AP VIDEO REPORT, JOHN MONE, REPORTER: “THE EVIDENCE IS THE GROUND. IN 2012 FARMERS PLANTED 15 MILLION MORE ACRES OF CORN THAN BEFORE THE BOOM. (FREEZE)
Sec. Tom Vilsack, U.S. Department of Agriculture: "The price of corn at $8 per bushel, a lot of producers decided to take land that had been in CRP and put into production. Now corn is now $4.50, $4.20… It’ll be interesting to see what kind of interest we have when we have an open enrollment. But it’s a factor of the economy.
AP VIDEO REPORT: THIS COLOR CODED MAP BASED ON U-S DEPARTMENT OF AGRICULTURE DATA SHOWS THE DRAMATIC CONVERSION. THE DARKER THE AREA, THE HIGHER PERCENT OF CORN PLANTATION.”
AP VIDEO: CRAIG WILCOX, ENVIRONMENTAL WORKING GROUP: "IT'S BECOMING MORE COMMON BECAUSE HOW PROFITABLE CORN ON CORN IS INSTEAD OF ROTATIONS."
AP VIDEO REPORT: GULLIES SHAPED LIKE FINGERS SHOW THE EFFECT OF PLANTING ON MARGINAL LAND.
CRAIG COX OF THE ENVIRONMENTAL WORKING GROUP, NORMALLY AN OBAMA ALLY, CALLS THE ETHANOL POLICY AN ECOLOGICAL DISASTER.
AP VIDEO REPORT: CRAIG COX, ENVIRONMENTAL WORKING GROUP "SO YOU CAN IMAGINE, THIS SPRING, APRIL, MAY THERE'S NOTHING COVERING THE SOIL EROSION AND POLLUTED RUN-OFF FROM FIELDS IS HORRENDOUS"
Iowa Secretary of Agriculture Bill Northey disagrees that increased corn acreage automatically results in soil erosion and polluted run-off. Northey, who farms 600 acres in the northwest corner of the Hawkeye State, also criticized the Associated Press reports. And he says farmers in Iowa – the nation’s top corn and ethanol producing state – are going to great lengths to minimize erosion and control runoff from their fields.
Iowa Secretary of Agriculture Bill Northey: “Farmers are working hard at it. They’ve done it a long time around erosion and you look at terraces and grass waterways and filter strips folks have put in. Now we’re increasingly looking at water quality and trying to reduce nitrogen and phosperous as well. Some of those same practices work but it requires other practices to do some things. We’re seeing increased amounts of cover crops out there and we’re looking at bio-filters, nutrient reduction and wetlands that are out there as well. Lots of different practices, practices that in some cases farmers weren’t using ten years ago now they are and increasingly interested in it. We’re seeing a lot of effort in engagement around both water quality and water erosion reduction.”
AP VIDEO REPORT: THAT RUN-OFF ACCORDING TO DES MOINES WATER WORKS IS ENDING UP IN THE TWO RIVERS THAT SUPPLY 500,000 CUSTOMERS. FOR THE FIRST TIME, THE CITY HAD TO RUN HUGE MACHINES AROUND THE CLOCK THIS SUMMER TO FILTER OUT THE RISING LEVELS OF HARMFUL NITRATES.
SCIENTISTS SAY THOSE SAME POLLUTANTS CONTAINING-- NITROGEN AND PHOSPHOROUS --ARE MAKING THEIR WAY ALL THE WAY TO THE MOUTH OF THE MISSISSIPPI RIVER AND BEYOND, WORSENING AN AREA KNOWN AS THE DEAD ZONE - WHERE MARINE LIFE CAN'T SURVIVE.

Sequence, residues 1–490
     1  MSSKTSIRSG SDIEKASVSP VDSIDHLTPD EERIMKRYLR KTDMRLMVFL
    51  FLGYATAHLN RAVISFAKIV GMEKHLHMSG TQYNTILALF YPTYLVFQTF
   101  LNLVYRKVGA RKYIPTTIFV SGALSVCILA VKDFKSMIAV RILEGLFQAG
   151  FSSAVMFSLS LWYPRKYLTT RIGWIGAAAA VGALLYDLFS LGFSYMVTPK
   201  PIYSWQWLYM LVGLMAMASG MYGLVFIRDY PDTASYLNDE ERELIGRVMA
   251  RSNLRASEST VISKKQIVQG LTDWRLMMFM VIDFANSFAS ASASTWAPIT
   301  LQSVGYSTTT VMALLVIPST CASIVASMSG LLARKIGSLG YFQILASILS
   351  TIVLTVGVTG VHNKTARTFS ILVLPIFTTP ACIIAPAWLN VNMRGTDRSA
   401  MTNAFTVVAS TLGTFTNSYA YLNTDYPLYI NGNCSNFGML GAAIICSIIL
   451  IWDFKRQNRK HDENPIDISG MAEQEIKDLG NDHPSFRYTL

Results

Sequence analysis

THIS YEAR'S DEAD ZONE STRETCHED MORE THAN 5800 SQUARE MILES, THE SIZE OF CONNECTICUT.
AP VIDEO REPORT: LARRY MCKINNEY, HARTE RESEARCH INSTITUTE, "IT'S NOT ROCKET SCIENCE TO FIGURE OUT THAT IF YOU PLANT MORE ACREAGE OF CORN. YOU USE MORE FERTILIZER, WE LOSE MORE FERTILIZER. THAT MEANS MORE OF IT GETS INTO THE GULF OF MEXICO."
Runoff from farmland – particularly in Iowa -- has long been blamed for its contribution to the Dead Zone. And the Associated Press was correct when it reported the Des Moines Water Works operated its nitrate removal facility for a record period this past summer. But RFS proponents dispute the suggestion that increased corn acreage means more fertilizer and more nitrates in the Gulf of Mexico.
According to the Renewable Fuels Association nitrogen use actually declined from the inception of the Renewable Fuels Standard in 2007 through 2010 – the most recent year for which Agriculture Department data is available.
The RFA maintains the amount of nitrogen required to produce a bushel of corn has fallen steadily over the past 30 years, dropping 43 percent per bushel since 1980.
RFA President Bob Dineen told Market to Market this week he was frustrated by what he called, an “utter lack of balance” in the AP report. Dineen questioned the timing of the AP coverage with EPA’s ethanol blending announcement looming on the horizon and said he and other proponents will continue to advocate for what he calls “America’s most successful renewable fuel.”
Bob Dineen, President, Renewable Fuels Association: “I believe the Renewable Fuels Standard has been a tremendous success. I believe it is necessary for our nation’s economic and energy future and I, the domestic ethanol industry and farmers across the country are going to fight to make sure this important policy remains in place.”
On Friday, however, the Obama Administration proposed reducing the amount of ethanol in America’s fuel supply next year by nearly 3 billion gallons. And when Market to Market asked Dineen what his response would be if that were to happen, he vowed to fight harder than ever before.
Bob Dineen: “We will certainly be commenting to EPA. We’ll be encouraging others to let the administration know the mistake that they are pursuing. And hopefully, before this rule is finalized, changes are made that reflect the potential of domestic renewable fuels to continue to grow and evolve; lower consumer costs, lower our dependence on foreign oil and finally address global climate change. If not, if they finalize a rule, and roll back the RFS, the only successful energy policy this nation has in place today, we will challenge it in every venue we possibly can -- including the courts.
Next week, Market to Market will examine the impact of the Obama Administration’s proposal to roll back the RFS and consider its effect on prices from the pit to the pump.
For Market to Market, I’m John Nichols.